But I did learn something interesting about this emerging new medium. John Quincy Adams (1767–1848), the sixth President of the USA (1825-29), may have been the first Twitterer -- or Tweeter, or Twit, or whatever the h@#$ they're called. His collection of short, less-than-140-character journal entries have been found by the Massachusetts Historical Society.
Recently, His Holiness Pope Benedict XVI declared the "year of the priest," beginning on the feast of the Sacred Heart (the 19th of June this year), and ending on the same observance in 2010 (the 11th of June). Much will be written about the meaning of the Catholic priesthood in the weeks and months to come, some of it here.
“People should not be afraid of their governments; governments should be afraid of their people.” -- from the 2005 film V for Vendetta
I attended Catholic grade school throughout the 1960s. I saw a lot of changes just during those eight years. But during the early ones, we were consistently taught about the evils of Communism, and of how our Faith and the Marxist philosophy were incompatible. We listened as the good nuns told us of priests tortured and killed in socialist regimes. But they also told us of how children would be taught in schools, to report their parents to the authorities if they found them engaging in questionable activities. Snitching on your mom and dad, the two people who gave you birth, who nursed you and fed you and cleaned up your messes and all that. Can you imagine?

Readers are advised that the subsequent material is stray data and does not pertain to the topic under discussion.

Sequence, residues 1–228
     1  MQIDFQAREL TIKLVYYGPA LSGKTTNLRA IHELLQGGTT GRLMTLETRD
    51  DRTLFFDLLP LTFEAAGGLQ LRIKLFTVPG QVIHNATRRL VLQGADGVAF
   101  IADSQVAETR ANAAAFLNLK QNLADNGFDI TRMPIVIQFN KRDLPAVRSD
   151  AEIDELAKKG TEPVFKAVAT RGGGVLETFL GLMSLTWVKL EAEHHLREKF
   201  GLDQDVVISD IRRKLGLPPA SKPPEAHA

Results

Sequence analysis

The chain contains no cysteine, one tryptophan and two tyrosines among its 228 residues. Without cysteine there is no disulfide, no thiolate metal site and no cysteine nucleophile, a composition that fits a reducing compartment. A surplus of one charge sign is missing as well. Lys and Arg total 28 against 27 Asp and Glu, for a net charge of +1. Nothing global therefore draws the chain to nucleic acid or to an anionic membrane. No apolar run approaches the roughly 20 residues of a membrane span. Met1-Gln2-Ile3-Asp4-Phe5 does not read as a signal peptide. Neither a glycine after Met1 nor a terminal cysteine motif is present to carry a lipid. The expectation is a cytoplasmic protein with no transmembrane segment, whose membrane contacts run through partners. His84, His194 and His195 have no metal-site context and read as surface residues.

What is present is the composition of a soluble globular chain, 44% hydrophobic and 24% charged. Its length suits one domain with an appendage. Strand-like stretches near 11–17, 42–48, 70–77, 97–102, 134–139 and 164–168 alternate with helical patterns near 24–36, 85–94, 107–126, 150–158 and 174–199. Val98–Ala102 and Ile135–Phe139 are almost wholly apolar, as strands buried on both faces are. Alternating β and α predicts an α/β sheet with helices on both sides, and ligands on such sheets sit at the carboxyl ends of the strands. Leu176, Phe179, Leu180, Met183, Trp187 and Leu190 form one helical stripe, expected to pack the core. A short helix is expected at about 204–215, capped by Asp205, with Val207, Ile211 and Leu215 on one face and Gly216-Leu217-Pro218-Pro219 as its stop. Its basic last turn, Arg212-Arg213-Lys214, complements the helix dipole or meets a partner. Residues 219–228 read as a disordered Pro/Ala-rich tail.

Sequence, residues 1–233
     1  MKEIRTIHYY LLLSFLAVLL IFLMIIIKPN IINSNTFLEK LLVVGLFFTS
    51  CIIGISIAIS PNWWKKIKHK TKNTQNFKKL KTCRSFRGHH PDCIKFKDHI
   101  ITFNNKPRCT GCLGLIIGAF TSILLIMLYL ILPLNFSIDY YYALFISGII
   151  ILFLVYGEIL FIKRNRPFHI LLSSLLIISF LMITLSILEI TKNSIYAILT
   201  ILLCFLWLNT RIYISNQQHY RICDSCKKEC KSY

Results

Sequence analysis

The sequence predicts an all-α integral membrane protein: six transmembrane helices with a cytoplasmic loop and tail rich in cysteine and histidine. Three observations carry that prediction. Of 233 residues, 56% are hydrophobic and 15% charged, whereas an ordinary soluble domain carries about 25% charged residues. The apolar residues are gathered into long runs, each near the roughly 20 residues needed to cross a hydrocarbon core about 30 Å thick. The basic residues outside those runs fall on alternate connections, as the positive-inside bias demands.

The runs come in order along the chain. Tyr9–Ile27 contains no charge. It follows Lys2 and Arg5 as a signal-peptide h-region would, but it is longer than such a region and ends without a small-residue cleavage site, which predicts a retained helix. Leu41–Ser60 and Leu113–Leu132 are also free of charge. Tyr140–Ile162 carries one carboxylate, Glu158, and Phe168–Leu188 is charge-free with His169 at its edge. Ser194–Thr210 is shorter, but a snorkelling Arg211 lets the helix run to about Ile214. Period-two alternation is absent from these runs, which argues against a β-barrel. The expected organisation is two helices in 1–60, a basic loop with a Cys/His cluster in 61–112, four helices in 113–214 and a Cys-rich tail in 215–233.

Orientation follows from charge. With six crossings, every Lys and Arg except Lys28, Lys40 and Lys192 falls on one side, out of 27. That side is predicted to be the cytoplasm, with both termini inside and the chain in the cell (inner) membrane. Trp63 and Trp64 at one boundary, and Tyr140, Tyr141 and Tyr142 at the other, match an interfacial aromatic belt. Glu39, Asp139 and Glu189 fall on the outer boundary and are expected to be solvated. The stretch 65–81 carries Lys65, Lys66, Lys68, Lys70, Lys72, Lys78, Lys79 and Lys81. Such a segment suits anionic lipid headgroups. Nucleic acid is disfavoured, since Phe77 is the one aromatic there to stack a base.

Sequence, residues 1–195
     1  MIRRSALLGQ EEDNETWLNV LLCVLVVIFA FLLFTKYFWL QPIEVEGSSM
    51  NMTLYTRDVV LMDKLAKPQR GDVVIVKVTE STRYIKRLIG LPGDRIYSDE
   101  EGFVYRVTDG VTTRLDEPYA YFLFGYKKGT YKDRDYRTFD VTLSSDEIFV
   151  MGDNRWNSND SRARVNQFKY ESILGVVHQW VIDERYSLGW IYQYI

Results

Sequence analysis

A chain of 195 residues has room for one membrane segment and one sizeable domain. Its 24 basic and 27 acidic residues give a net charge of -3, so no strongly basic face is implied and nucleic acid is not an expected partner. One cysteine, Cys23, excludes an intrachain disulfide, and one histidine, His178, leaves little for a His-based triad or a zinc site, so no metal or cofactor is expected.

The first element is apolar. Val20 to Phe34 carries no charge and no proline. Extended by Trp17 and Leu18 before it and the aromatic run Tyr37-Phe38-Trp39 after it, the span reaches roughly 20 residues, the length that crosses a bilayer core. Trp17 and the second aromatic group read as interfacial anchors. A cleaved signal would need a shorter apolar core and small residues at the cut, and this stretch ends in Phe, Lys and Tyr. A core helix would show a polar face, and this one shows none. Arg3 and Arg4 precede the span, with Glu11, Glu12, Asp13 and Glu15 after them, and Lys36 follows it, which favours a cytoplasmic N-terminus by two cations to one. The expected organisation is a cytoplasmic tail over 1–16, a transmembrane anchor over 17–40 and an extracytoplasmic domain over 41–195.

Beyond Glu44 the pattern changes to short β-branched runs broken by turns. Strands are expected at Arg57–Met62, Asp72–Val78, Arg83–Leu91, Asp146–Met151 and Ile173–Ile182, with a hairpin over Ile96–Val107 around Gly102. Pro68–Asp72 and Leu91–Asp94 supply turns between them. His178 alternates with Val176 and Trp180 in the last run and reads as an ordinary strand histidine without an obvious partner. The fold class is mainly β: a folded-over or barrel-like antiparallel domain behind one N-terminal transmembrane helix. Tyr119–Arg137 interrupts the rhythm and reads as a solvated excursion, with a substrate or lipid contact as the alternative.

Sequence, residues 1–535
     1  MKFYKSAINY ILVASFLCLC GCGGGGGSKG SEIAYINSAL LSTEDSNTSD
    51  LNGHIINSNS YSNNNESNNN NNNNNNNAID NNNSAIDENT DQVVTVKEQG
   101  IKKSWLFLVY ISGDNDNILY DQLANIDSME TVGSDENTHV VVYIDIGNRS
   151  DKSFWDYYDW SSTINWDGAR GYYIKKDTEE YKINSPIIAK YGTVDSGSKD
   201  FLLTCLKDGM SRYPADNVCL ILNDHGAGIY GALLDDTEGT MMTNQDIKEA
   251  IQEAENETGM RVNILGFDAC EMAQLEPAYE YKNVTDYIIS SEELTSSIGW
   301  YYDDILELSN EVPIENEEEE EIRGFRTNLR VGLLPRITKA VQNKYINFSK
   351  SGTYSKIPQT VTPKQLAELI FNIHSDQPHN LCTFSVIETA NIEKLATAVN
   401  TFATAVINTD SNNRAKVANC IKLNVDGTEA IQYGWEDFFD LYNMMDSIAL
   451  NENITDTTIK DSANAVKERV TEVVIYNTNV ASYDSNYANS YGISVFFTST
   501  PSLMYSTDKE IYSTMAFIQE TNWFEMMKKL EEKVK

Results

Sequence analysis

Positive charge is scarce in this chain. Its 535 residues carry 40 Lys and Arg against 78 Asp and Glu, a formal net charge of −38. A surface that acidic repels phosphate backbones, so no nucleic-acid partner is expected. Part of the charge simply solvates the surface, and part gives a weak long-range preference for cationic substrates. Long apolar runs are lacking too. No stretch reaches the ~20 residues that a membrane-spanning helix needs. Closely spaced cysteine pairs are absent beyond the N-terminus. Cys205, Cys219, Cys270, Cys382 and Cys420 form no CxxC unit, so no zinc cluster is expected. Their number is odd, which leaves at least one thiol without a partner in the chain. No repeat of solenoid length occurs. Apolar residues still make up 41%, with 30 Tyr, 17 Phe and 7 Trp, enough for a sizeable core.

It all seemed pretty outlandish to me, and remained the stuff of half-forgotten memories -- and as I came of age, the stuff of futuristic novels.
Let me see if I understand this correctly. If you publish a newsletter or a political blog, that begs to disagree with the current administration about health care policy, they want me as a dutiful private citizen to rat you out!
Readers of mwbh know full well of our distaste for the daytime television program entitled "The View," in which a panel of women, some of whom -- you'll notice I didn't say "all" -- have little to offer society at large beyond fodder for the tabloids, simulate a kaffee klatch for the benefit of bored housewives and other culturally depraved creatures across America. But today's episode stretched its own boundaries (which isn't saying much, but bear with us, please), and featured a guest who appears to have cracked open a book in her lifetime, which is helpful in advance of writing one.
Michelle Malkin, syndicated columnist and Filipina-American Jersey Girl, has been on the talk show circuit promoting her new book, the title of which saves us the trouble of an explanation, Culture of Corruption: Obama and His Team of Tax Cheats, Crooks, and Cronies. As the first clip shows, she has already left Matt Lauer of NBC's Today at somewhat of a loss, and has also appeared on ABC's Sunday morning talking-head-fest This Week with George Stephanopoulos.
Today posed the ultimate challenge. See for yourself in the second clip.
“Our entire daily lives cannot be occupied with purely religious practices; all of us have to eat, and most of us have and want to do many other activities besides. So though we cannot always be religious in this sense, we can always be Catholic, that is, the round of our daily activities can be conducted in such a way as to express and be in harmony with our Faith. And [this] can involve more than avoiding sin and exercising virtue.”